By Ramya Venugopal
SINGAPORE, Feb 13 (Reuters) - Brent crude steadied on Wednesday, holding just below a nine-month high near $119 per barrel on forecasts for faster-than-expected growth in global oil demand this year, with easing tensions in Iran helping to subdue prices.
The U.S. Energy Information Administration (EIA) and the 12-member Organization of the Petroleum Exporting Countries increased their outlook for world oil consumption growth, citing increasing signs of a recovery in the global economy.
Investors are also taking cues from the currency markets, which are awaiting a meeting of G20 finance ministers and central bankers this week amid increasing international tensions over the euro's strength and the yen's weakness.
'The faster demand forecasts are supporting oil prices, but the concerns of a currency war are weighing on the markets,' said Ker Chung Yang, senior commodity analyst at Philips Futures in Singapore.
Front month Brent futures shed 10 cents to trade at $118.56 per barrel by 0539 GMT. It touched a high of $118.75 earlier in the session, around 40 cents away from a nine-month high of $119.17 hit last week.
U.S. crude rose 12 cents to $97.63 per barrel.
Trading volumes were low as China, Taiwan and Hong Kong remained closed for a third day this week for the Lunar New Year holiday.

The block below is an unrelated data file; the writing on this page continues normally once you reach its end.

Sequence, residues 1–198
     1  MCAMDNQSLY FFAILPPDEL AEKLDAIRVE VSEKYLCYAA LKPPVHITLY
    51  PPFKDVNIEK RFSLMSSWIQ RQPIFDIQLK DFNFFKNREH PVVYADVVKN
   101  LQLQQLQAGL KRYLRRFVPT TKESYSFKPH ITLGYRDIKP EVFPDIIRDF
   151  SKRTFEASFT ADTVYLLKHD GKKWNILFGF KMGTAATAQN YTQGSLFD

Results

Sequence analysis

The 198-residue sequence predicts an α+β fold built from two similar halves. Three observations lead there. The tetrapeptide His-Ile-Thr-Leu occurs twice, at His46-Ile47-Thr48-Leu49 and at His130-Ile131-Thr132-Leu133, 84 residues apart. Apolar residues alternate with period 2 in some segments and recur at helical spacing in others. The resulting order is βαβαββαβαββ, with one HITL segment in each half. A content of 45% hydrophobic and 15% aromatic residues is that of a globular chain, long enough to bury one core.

ECONOMY AND DEMAND BOOST
Consumption of oil will expand by 840,000 barrels per day (bpd) this year, the OPEC said in its monthly report, 80,000 bpd more than previously expected.
Due to higher demand, and little change in supply expectations from producers outside the group, OPEC expects demand for its crude to average 29.78 million bpd in 2013, up 130,000 bpd from the previous estimate.
The EIA followed suit and increased its forecast for demand growth by 110,000 bpd to 1.05 million bpd in 2013, taking global demand to 90.2 million bpd this year, adding to evidence of global demand surpassing expectations in early 2013.
U.S. crude inventory may have risen last week as refineries head into maintenance in the world's biggest oil consumer, but an expected cut in imports may negate the impact in coming weeks. Crude stocks may have risen 2.4 million barrels in the week to Feb 8, a Reuters poll showed.
Prices may get a fillip after euro zone industrial output data and U.S. retail sales data are released later in the day.
Oil markets got some relief from the push towards higher prices as tensions over Iran's nuclear programme eased between the Islamic republic and the United States.
The Middle Eastern nation acknowledged that it was converting some of its higher-grade enriched uranium into reactor fuel, which is one way for Iran to slow the growth in its stockpile of material that could be used to make a bomb.
Iran's production of that higher-grade uranium has been a worry for major powers because it is only a short technical step away from the 90-percent purity needed for a weapon.
Closer to home for Asian investors was a nuclear test by North Korea, which may escalate regional tensions, especially after U.S. and China came down strongly on the Asian nation.
North Korea said the test had 'greater explosive force' than those it conducted in 2006 and 2009.
Its KCNA news agency said it had used a 'miniaturised' and lighter nuclear device, indicating it had again used plutonium, which is suitable for use as a missile warhead.
'While North Korea is a negligible oil consumer, the move nevertheless could be seen as contributing to geopolitical instability in the world's preeminent demand growth region,' JBC Energy said in a report.
(Editing by Himani Sarkar and Tom Hogue) Keywords: MARKETS OIL/
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